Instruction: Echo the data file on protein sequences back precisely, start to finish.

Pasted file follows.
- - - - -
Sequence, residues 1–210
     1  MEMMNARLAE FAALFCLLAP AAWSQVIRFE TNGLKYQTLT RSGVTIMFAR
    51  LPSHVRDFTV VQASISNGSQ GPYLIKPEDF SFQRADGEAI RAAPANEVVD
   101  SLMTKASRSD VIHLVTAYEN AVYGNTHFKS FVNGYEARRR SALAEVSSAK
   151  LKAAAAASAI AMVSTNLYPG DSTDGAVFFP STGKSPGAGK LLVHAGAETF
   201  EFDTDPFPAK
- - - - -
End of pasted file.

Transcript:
Sequence, residues 1–210
     1  MEMMNARLAE FAALFCLLAP AAWSQVIRFE TNGLKYQTLT RSGVTIMFAR
    51  LPSHVRDFTV VQASISNGSQ GPYLIKPEDF SFQRADGEAI RAAPANEVVD
   101  SLMTKASRSD VIHLVTAYEN AVYGNTHFKS FVNGYEARRR SALAEVSSAK
   151  LKAAAAASAI AMVSTNLYPG DSTDGAVFFP STGKSPGAGK LLVHAGAETF
   201  EFDTDPFPAK